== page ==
A gentle pre-Beatles hit from England

It’s been several days since the last TimNeelyStuff entry, During that time, I got to see an old friend from high school that I hadn’t seen in at least 20 years; I hosted a party at my new residence, with a lot of help from my sister, her husband and some mutual friends; and I took the next step to returning to the radio as a DJ after a 30-year absence from the airwaves (except as a “special guest”). Now, if I could get some paying work – but a lot of other stuff outside of that is taking shape.

Today’s entry in the possible book The Top 1,000 Hits of the 1960s comes from a female British duo that had their only hit a couple months before the Beatles finally made the American charts safe for the U.K.

# 533
You Don’t Have to Be a Baby to Cry / The Caravelles /
Smash S-1852
(Total points: 1,160 / Chart debut: 11/2/1963 / Chart peak: 3 / Weeks on chart: 13)

The full-bore onslaught of the British Invasion was still two months away when this gentle ballad from a U.K. girl group climbed into the top 10.

There are several stories as to how Lois Wilkinson and Andrea Simpson first formed a group and came to sing what would become their biggest hit, “You Don’t Have to Be a Baby to Cry.” According to Wilkinson’s autobiography on her web site, she and Simpson met as co-workers at Lawson Piggott Motors in London. Both of them had a musical upbringing; Wilkinson learned to play guitar at a young age and Simpson was from a show-business family. At some point, the musically compatible duo formed an act and began to rehearse. A friend of the family, guitarist Tony Pitt, introduced them to the song that would become their claim to fame.

Co-written by Bob Merrill and Terry Shand, “You Don’t Have to Be a Baby to Cry” was first issued in a recording in June 1950 by country singer Moon Mullican on King, promptly followed by co-composer Shand’s own version as vocalist with Jimmy Dorsey & His Orchestra on Columbia. Ernest Tubb then recorded it for Decca and made the top 10 of the country charts with it in October 1950. Pitt had become acquainted with it through its appearance on the B-side of Tennessee Ernie Ford’s massive 1955-56 #1 hit, “Sixteen Tons.”

Wilkinson and Simpson recorded some demos, possibly under the supervision of Curly Clayton, who a few months earlier had hosted a demo session for the band that became famous worldwide as The Rolling Stones. The tape eventually made its way to Harry Robinson, who was one of the partners in a newly formed production company called B.P.R. Wilkinson and Simpson signed a deal, and within a few weeks, B.P.R. had licensed “You Don’t Have to Be a Baby to Cry” to Ritz Records, a subsidiary of British Decca. The head of Ritz Records, Bunny Lewis, gave the women the name “The Caravelles,” taken from the name of a French airplane.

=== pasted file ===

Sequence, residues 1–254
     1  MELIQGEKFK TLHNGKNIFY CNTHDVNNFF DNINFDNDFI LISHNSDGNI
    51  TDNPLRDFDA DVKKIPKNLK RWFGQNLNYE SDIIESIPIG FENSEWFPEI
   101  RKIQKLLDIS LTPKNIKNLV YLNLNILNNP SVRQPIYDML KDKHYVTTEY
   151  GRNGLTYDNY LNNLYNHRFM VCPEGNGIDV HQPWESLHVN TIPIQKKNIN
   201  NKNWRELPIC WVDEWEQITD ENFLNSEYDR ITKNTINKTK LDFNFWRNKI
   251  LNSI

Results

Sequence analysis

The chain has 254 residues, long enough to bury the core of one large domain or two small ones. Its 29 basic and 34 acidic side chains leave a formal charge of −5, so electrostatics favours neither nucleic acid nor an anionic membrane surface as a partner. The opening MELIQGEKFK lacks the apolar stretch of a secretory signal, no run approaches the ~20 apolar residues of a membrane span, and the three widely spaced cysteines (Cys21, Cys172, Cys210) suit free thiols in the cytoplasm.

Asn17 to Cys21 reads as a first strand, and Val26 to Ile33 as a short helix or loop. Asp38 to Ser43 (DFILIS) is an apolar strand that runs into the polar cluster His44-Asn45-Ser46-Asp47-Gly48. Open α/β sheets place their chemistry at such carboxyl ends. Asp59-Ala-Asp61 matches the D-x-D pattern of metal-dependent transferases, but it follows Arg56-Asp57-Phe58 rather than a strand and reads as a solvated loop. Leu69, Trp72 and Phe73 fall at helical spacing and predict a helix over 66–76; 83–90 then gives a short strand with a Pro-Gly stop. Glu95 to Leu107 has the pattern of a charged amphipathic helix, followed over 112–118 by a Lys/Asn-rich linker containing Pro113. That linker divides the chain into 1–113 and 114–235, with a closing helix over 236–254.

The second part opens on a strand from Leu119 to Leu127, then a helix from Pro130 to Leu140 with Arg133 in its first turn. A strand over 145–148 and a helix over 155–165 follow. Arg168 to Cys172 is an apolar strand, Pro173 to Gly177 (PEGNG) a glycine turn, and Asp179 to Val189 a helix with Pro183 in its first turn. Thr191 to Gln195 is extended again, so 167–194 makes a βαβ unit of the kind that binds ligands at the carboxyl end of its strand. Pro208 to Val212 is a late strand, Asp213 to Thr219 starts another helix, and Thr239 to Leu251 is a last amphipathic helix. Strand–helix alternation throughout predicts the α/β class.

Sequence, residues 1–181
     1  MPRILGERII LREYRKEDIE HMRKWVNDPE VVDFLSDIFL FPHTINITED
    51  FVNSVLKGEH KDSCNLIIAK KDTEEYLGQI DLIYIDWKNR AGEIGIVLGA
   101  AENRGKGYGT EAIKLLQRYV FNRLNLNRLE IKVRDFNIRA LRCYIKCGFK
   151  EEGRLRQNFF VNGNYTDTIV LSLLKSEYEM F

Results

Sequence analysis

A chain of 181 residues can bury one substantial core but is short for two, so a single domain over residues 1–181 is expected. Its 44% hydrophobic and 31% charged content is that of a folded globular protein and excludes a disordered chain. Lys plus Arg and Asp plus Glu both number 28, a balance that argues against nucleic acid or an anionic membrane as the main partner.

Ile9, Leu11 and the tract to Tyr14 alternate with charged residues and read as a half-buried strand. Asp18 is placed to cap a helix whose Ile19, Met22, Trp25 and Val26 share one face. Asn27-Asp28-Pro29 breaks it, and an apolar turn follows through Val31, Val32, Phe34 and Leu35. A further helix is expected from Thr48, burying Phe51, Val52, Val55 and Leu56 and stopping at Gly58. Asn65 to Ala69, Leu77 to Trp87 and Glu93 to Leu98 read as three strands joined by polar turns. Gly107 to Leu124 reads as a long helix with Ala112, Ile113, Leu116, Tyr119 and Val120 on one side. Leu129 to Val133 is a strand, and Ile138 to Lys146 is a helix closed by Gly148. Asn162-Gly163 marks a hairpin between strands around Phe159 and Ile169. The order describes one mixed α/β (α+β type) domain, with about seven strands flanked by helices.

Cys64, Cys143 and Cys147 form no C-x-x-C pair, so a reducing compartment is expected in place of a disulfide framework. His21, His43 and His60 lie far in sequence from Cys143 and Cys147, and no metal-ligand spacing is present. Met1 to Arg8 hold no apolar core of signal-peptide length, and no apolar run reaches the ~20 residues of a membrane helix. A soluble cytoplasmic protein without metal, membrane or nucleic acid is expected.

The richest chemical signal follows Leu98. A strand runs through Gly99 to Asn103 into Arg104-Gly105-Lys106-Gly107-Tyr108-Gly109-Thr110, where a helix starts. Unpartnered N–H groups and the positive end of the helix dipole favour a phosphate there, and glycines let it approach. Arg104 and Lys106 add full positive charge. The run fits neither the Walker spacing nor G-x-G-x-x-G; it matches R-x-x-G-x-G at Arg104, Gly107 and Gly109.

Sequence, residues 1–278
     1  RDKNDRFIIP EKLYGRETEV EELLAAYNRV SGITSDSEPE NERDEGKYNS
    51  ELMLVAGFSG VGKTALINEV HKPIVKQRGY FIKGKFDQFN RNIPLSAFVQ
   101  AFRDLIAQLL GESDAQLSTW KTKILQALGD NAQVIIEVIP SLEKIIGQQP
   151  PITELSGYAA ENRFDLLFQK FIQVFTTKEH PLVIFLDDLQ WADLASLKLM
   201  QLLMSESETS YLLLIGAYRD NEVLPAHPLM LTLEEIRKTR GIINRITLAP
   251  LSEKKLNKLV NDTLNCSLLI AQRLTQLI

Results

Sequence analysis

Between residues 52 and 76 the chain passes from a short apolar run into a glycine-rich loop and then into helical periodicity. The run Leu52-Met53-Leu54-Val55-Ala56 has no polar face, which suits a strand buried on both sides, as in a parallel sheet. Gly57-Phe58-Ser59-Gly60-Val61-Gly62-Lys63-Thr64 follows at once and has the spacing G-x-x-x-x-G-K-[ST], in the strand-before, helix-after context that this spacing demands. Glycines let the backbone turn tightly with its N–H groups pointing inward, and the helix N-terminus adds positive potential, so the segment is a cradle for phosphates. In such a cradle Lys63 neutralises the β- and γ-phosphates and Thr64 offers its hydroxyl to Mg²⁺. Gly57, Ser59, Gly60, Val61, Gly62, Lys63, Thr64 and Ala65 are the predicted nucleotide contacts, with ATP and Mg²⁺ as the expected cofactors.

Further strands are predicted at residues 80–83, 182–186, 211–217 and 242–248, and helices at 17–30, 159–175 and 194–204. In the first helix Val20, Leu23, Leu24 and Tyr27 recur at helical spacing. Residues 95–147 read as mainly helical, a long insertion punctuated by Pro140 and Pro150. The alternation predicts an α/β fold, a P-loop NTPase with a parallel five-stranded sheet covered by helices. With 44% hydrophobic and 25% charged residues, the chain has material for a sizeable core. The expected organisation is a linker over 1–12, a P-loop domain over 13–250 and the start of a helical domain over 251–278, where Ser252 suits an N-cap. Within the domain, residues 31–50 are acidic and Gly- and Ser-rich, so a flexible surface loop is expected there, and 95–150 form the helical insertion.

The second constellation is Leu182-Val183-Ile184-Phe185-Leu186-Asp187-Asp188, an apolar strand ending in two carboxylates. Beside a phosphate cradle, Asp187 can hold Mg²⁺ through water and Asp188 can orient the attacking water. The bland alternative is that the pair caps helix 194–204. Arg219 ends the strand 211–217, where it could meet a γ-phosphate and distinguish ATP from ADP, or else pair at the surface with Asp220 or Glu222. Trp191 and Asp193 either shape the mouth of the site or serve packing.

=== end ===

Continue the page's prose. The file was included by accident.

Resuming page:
To everyone’s surprise, the young women quickly made the British Top 10. The B.P.R. team then made a deal to have the single released in America on the Smash label, on which – to everyone’s even greater surprise – it not only made the Hot 100, but peaked at a higher position in the U.S. (#3) than it had in England!

Smash Records quickly assembled an LP, and the Caravelles went on a short tour of the States, the highlight of which was serving as one of the opening acts for The Beatles in their Washington Coliseum concert of February 11, 1964. But they never had another big hit.

Eventually, Lois Wilkinson went solo and recorded under the name “Lois Lane”; Andrea Simpson would continue to perform with an assortment of female partners as The Caravelles into the 1990s.

Collector’s note: Two slightly different pressings of the Smash 45 exist; both are from the time when it was a hit. One of them has stars around the title of the A-side and the words “Chicago, Illinois, USA” at the bottom; the other does not have stars around the title and has the words “Smash Records – Vendor: Mercury Record Corporation” along the edge of the right of the label.

Fast fact: The “B” of B.P.R. was Chris Blackwell, the founder of a then little-known label called Island Records.


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